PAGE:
(Glycine Encephalopathy; Hepatic Encephalopathy; Hypoxic Encephalopathy; Statin Encephalopathy; Uremic Encephalopathy; Wernicke’s Encephalopathy; Hashimoto’s Encephalopathy; Hypertensive Encephalopathy; Toxic-metabolic Encephalopathy)
- Glycine encephalopathy—caused by a metabolic disorder (how the cells make energy)
- Hepatic encephalopathy —caused by liver disease
- Hypoxic encephalopathy —caused by reduced oxygen to brain
- Static encephalopathy—permanent brain damage
- Uremic encephalopathy—caused by toxins remaining in the body
- Wernicke’s encephalopathy—caused by a thiamine deficiency, usually due to alcoholism
- Hashimoto’s encephalopathy—an autoimmune disorder (when your immune system attacks your body’s cells)
- Hypertensive encephalopathy—caused by very high blood pressure
- Toxic-Metabolic encephalopathy—a general term to describe encephalopathies caused by infections, toxins, or organ failure
- Metabolic dysfunction
- Brain tumor or increased pressure on the skull
- Exposure to toxins
- Poor nutrition
- No oxygen or blood flow to the brain
|Oxygen and Blood Flow to the Brain|
|If the flow of oxygen to the brain is disrupted, it can cause encephalopathy.|
|Copyright © Nucleus Medical Media, Inc.|
- Sudden or progressive changes in memory
- Inability to concentrate
- Abnormal drowsiness
- Progressive loss of consciousness
- Subtle personality changes
- Involuntary muscle twitches
- Muscle weakness
- Severe confusion
- Ask about your symptoms
- Take your medical history
- Do a physical exam
- Blood tests
- Spinal tap —removal of a small amount of spinal fluid for testing
- CT scan —a type of x-ray that uses a computer to make pictures of structures inside the brain
- MRI scan —a test that uses magnetic waves to make pictures of structures inside the brain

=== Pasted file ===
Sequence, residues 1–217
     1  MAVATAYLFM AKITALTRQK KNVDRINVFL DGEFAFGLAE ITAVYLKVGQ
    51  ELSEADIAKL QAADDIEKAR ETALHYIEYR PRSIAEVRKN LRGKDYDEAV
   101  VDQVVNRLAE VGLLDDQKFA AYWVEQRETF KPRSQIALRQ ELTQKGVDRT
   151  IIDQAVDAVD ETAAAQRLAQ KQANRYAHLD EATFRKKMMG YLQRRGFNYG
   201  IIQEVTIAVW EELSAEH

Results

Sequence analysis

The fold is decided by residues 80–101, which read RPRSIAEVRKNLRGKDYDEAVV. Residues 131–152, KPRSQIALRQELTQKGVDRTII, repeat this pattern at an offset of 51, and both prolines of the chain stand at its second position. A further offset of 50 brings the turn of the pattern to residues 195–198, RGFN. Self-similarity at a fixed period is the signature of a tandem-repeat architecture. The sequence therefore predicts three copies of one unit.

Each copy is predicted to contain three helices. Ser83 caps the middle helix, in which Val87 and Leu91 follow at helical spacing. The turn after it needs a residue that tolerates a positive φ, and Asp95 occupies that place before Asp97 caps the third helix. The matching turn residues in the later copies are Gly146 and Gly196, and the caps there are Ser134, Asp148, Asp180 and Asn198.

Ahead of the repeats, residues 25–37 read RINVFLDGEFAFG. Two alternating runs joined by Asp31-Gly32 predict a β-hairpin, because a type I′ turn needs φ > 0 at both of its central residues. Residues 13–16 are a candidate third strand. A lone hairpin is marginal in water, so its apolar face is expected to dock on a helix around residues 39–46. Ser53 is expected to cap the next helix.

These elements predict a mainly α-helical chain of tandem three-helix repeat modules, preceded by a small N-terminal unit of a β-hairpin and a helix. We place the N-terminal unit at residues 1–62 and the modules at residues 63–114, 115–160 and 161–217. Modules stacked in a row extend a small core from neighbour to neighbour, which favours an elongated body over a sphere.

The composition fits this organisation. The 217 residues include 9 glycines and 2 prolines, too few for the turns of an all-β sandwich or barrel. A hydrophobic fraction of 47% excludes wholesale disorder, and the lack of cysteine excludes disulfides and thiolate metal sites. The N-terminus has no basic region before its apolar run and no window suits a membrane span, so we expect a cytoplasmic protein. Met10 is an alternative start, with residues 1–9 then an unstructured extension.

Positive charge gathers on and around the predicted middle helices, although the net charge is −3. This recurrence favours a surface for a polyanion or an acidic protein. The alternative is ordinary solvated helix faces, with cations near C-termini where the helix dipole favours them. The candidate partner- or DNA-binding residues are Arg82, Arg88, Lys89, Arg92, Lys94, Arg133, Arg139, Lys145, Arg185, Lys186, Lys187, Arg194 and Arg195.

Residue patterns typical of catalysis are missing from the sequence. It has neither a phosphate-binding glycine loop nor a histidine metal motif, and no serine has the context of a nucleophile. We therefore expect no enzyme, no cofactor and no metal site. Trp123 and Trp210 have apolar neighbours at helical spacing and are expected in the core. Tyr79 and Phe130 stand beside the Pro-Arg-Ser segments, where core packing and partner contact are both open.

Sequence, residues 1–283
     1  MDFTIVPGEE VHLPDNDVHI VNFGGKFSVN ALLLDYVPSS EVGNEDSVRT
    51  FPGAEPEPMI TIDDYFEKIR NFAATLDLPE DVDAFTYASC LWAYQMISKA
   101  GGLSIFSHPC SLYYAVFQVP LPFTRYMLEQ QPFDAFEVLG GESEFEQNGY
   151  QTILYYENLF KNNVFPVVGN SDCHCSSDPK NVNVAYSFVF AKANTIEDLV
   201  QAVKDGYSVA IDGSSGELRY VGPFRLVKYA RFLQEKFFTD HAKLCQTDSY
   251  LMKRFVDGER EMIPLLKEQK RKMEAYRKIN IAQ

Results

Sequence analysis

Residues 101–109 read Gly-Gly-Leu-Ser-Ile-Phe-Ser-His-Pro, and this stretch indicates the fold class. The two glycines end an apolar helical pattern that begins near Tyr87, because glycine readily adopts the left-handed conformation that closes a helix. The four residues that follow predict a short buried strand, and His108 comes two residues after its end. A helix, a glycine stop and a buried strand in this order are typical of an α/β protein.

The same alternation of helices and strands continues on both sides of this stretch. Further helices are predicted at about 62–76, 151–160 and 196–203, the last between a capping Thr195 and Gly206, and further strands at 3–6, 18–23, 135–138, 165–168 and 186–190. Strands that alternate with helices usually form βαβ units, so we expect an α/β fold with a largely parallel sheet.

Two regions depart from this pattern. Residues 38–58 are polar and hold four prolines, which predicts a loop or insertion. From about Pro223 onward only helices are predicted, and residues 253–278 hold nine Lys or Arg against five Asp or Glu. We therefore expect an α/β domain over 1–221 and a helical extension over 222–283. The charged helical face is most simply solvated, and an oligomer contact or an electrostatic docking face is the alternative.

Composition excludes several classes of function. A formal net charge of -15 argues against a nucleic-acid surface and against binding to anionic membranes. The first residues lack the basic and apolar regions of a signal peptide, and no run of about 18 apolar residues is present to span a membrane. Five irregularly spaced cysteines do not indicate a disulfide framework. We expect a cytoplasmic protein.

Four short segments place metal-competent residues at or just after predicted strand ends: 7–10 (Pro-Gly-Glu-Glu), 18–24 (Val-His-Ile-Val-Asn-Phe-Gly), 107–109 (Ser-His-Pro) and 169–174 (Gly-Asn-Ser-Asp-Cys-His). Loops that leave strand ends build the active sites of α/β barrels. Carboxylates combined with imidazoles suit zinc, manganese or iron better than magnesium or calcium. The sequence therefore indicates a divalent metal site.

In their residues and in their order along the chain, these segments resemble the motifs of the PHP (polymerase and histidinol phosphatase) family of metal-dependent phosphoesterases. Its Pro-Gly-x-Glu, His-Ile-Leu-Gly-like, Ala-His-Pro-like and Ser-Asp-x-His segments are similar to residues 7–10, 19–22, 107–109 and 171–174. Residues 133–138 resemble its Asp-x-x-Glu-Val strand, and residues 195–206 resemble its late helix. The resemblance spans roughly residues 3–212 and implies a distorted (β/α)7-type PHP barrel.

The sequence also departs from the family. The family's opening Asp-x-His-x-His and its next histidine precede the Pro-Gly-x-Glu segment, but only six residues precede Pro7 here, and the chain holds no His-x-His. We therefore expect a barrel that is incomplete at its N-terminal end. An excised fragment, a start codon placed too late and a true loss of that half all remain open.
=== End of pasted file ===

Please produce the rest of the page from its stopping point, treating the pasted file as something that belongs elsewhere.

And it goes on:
- Electroencephalogram (EEG) —a test that records the brain’s activity by measuring electrical currents through the brain
- Get early treatment for liver problems. If you have any of the above symptoms, call your doctor right away.
- If you have a disease, see your doctor regularly.
- Avoid overdosing on drugs, alcohol, or medicines.
- Avoid being exposed to poisons or toxins.
National Digestive Diseases Information Clearinghouse http://digestive.niddk.nih.gov/
National Institute of Neurological Disorders and Stroke http://www.ninds.nih.gov/
Canadian Liver Foundation http://www.liver.ca/
Health Canada http://www.hc-sc.gc.ca/index-eng.php
Encephalopathy. California Pacific Medical Center website. Available at: http://www.cpmc.org/learning/documents/encephalopathy-ws.pdf . Updated May 2004. Accessed May 26, 2011.
Encephalopathy. Congress of Neurological Surgeons website. Available at: http://wiki.cns.org/wiki/index.php/Encephalopathy . Updated July 2007. Accessed May 26, 2011.
NINDS encephalopathy page. National Institute of Neurological Disorders and Stroke website. Available at: http://www.ninds.nih.gov/disorders/encephalopathy/encephalopathy.htm . Updated November 2010. Accessed May 26, 2011.
Smith N. Hepatic encephalopathy. EBSCO Health Library website. Available at: http://www.ebscohost.com/healthLibrary/ . Updated September 2010. Accessed May 26, 2011.
- Reviewer: J. Thomas Megerian, MD, PhD, FAAP
- Review Date: 06/2011 -
- Update Date: 08/18/2011 -
This content is reviewed regularly and is updated when new and relevant evidence is made available. This information is neither intended nor implied to be a substitute for professional medical advice. Always seek the advice of your physician or other qualified health provider prior to starting any new treatment or with questions regarding a medical condition.
Copyright © EBSCO Publishing
All rights reserved.